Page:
5 Long Term Fuel Storage Methods (For Off Grid Preppers)
Storing fuel is a crucial prepping detail. Since none of us knows when a SHTF situation will happen, there is no discussion around whether you should store fuel. What could be up for debate is how to store fuel long term.
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Imagine having to bug in for weeks or months without any fuel. Your generator and every appliance and device depending on it will be stalled, and if it’s during the cold season, the winter cold will be biting hard.
To crown it all, your bug in food supply will all have to be eaten cold, if that will even be possible. And if you rely on medical equipment that runs on electricity, it will be a double emergency for you.
Storing fuel is a crucial prepping detail. Since none of us knows when a SHTF situation will happen or when an extended blackout will hit your region following a natural disaster, there is no discussion around whether you should store fuel. What could be up for debate is how to store fuel long term.
There are several methods for storing fuel long term including building a fuel storage shed, using fuel stabilizers, using bulk storage containers, nitrogen blanketing, or using other simple preservation practices like rotating the fuel or storing it in your car fuel tank.
Because storing fuel can be a source of danger as much as it is a resource for survival, how you store it cannot be a chancing game. You have to be sure about how to do it.
So, while we tell you how to store fuel long term, we will highlight some vital safety precautions you’ll have to act by. In summary, here’s what to expect from the article:
Natural gas – Indefinite shelf-life (but less available).
Kerosene – Maximum 5 years.
Butane – 8-year shelf-life (in cartridges).
Coleman Fuel/White Gas - 5-7 years (in the original container).
Alcohol – Indefinite shelf life (all conditions constant).
Others (less common options that can also be stored long term).
Let’s discuss other storage details for each of these fuels
Wood is one of the cheapest fuels you can store, especially if you are prepping for bugging out in the wild or for off the grid living. Its energy uses are limited to heating your home and cooking, but wood also has the advantage of being readily available and a safe type of fuel when it comes to prepper fuel storage.
When stockpiling wood, consider that hardwoods (maple, hickory, and oak among others) give stronger heat when compared to softwoods (cedar, fir, and pine, among others).
Mixing the two when burning wood is recommended since softwoods are great when starting a fire and hardwoods keep it burning for longer.
Note too that hardwood takes longer to season (around a year) while softwood will be ready in six months.
While you can store wood indefinitely, its condition will depend on how well you store it. Wood can be infested by termites and collect moisture and this will reduce its efficiency.
As such, you should consider storing wood off the ground on thick wooden planks or cement blocks to keep insects off and enhance air circulation.
Note also that the energy output of wood goes down every year after the 4th year of storage, so rotating it every couple of years is advised. We’ll tell you how you can store wood long term later in the article.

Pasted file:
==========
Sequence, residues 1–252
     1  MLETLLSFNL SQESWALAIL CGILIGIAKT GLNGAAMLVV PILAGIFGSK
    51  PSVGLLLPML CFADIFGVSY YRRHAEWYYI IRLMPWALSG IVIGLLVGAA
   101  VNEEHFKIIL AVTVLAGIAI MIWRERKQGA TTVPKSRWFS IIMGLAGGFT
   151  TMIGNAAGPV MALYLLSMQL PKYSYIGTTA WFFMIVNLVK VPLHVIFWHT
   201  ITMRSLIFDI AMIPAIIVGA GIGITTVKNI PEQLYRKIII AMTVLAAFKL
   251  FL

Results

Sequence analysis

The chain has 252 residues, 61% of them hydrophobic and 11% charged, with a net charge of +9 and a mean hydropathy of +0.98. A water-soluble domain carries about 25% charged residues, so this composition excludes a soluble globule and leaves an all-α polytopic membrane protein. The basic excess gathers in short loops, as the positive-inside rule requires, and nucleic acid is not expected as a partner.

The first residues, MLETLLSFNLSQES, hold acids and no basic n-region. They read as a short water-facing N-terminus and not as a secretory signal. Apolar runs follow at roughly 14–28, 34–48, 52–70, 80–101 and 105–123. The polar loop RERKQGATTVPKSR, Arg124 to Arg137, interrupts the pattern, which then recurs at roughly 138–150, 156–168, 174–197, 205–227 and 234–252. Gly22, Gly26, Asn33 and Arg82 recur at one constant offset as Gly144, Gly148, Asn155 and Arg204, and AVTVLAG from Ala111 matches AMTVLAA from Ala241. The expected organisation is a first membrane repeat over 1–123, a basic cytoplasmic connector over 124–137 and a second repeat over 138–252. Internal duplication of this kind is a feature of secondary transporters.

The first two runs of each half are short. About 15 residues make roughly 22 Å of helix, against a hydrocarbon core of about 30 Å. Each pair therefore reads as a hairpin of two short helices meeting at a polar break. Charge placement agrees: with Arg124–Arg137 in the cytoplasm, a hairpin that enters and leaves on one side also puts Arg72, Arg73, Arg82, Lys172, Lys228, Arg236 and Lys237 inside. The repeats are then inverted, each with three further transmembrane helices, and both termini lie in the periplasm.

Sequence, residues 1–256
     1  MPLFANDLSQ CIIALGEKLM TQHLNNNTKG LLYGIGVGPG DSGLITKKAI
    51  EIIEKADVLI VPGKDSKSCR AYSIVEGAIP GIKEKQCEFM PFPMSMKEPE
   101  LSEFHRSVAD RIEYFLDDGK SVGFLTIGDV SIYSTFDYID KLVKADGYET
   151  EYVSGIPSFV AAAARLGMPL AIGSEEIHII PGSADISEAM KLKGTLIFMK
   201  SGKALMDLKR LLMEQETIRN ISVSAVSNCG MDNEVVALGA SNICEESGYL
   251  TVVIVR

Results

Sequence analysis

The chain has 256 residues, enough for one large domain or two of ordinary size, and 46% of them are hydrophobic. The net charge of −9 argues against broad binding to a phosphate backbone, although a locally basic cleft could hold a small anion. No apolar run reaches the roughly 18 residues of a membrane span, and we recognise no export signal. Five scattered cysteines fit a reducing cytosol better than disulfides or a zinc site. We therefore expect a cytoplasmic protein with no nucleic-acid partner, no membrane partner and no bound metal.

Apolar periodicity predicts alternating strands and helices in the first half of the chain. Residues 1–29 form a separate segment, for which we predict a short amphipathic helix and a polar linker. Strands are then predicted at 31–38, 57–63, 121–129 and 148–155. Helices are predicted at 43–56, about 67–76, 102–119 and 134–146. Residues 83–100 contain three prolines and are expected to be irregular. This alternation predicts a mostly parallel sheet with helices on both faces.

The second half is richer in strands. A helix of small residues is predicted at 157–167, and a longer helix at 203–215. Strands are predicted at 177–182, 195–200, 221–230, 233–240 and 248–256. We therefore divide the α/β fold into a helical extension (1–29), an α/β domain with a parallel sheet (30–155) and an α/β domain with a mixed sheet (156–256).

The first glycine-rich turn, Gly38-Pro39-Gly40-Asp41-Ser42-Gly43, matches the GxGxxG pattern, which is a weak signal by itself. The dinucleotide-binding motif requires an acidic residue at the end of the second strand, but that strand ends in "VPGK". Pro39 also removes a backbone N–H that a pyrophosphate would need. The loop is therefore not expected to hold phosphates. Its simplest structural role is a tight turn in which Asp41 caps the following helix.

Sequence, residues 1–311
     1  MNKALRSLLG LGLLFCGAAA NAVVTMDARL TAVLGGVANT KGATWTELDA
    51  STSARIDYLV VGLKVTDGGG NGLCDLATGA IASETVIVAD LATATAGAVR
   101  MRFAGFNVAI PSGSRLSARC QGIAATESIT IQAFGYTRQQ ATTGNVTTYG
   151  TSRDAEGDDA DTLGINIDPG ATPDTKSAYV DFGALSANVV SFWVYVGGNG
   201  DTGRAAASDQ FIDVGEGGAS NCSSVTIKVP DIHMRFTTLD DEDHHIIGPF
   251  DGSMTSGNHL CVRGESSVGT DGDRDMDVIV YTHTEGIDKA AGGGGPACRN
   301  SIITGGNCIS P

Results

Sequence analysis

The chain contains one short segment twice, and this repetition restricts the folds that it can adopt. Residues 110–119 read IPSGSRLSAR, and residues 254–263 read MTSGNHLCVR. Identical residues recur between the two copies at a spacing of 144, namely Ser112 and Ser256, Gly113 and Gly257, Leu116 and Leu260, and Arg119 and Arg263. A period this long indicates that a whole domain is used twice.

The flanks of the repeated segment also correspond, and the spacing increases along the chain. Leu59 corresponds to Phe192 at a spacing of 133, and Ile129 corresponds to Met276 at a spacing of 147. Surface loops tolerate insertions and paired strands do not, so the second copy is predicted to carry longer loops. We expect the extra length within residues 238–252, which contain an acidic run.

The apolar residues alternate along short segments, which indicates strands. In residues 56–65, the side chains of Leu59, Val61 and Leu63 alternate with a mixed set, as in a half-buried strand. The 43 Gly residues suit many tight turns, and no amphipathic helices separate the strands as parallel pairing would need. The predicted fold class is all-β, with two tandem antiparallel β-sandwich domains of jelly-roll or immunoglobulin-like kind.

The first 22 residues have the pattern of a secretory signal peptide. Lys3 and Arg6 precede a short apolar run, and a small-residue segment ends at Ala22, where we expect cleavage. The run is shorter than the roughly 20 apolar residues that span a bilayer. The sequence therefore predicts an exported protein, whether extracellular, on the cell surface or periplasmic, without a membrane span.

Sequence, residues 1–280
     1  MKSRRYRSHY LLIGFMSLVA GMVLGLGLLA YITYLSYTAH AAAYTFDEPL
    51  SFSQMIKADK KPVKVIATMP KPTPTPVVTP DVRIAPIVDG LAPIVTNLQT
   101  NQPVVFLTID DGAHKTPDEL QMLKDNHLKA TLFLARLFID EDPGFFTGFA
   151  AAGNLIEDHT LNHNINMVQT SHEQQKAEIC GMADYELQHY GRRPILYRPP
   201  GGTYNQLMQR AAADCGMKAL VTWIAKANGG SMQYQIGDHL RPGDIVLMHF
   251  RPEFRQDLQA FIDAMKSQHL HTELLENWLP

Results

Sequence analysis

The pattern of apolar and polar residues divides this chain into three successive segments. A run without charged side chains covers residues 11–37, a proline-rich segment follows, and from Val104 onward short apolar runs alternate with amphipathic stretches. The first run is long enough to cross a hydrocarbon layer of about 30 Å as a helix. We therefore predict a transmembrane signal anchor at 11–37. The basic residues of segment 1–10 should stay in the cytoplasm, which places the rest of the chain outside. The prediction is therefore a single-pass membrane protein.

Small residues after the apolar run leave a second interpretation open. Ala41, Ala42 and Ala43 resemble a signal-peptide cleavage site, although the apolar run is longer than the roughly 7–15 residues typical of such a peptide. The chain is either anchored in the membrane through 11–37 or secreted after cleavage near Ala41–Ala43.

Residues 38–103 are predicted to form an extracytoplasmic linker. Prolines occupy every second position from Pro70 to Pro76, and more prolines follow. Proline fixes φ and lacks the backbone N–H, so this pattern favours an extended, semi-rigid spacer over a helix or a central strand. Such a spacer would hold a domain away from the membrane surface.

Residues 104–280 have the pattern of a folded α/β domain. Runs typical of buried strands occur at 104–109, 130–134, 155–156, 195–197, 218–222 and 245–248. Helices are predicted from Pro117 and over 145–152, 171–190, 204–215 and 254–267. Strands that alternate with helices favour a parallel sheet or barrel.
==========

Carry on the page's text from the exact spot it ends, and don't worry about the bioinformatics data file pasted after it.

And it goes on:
Gasoline, like all other fossil fuel products, is made by refining crude oil through boiling and capturing its components at the boiling point of each fuel.
But, to be used in your vehicle or generator, refined gasoline needs to have other products added to it like detergents and alcohol (ethanol). This is key in making these fuels meet performance and emission standards.
By the time it is ready to sell, gasoline has several volatile organic compounds (VOCs), also present in diesel and kerosene but in lower quantities.
You can notice the VOCs in gasoline while you fuel the car through the visible fumes that escape from your car’s fuel tank, but these are what make the fuel in your car or generator burn.
If a lot of these VOCs escape from your gas, gasoline can easily revert to a low octane hydrocarbon fluid, less efficient or eventually useless altogether.
Because it is highly refined when compared to fuels like diesel, gasoline has complex molecular bonds. If these bonds break from exposure to air or water, your gasoline will revert to an unusable state.
This is also one of the reasons gasoline has a shorter shelf-life. It is, therefore, important that you know how to stockpile gasoline.
We will tell you some of the methods you can use to stockpile gasoline later, but we can anticipate that gasoline you can store gasoline for long by going for one of these options.
Store only ethanol-free gasoline.
Use a long term gasoline storage additive (fuel stabilizer)
Purchase specially treated and packaged gasoline such as TruFuel 4-Cycle Ethanol-free Fuel which can go up to 5 years. This is designed for 4-cycle engines and has superior performance, but it is an expensive option.
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Diesel is second to gasoline in popularity and another good choice of fuel for stockpiling. Heavy machinery and vehicles run on diesel and its stores for longer than gasoline, 18-24months, and longer with stabilizing fuel additives.
Long term diesel storage also outdoes gasoline storage because diesel is less flammable. Diesel is harvested at relatively low distillation levels in the fuel distillation process. Because of this, it is less volatile and, therefore, lasts longer in its original state.
While the safety precautions for gasoline apply also for diesel, it is important to bear in mind that algae and water are big enemies when it comes to diesel storage. As such, consider these additional safety tips for long-term diesel storage:
Ensure your diesel storage containers are tightly closed. If diesel absorbs water, it has greater chances of harboring algae which ruins both your diesel and any engine you use it on.
Treat your diesel with an algaecide which is what fuel stabilizers are essentially. This will prolong your diesel’s life beyond 5 years shelf-life since algae-free fuel is a clean fuel.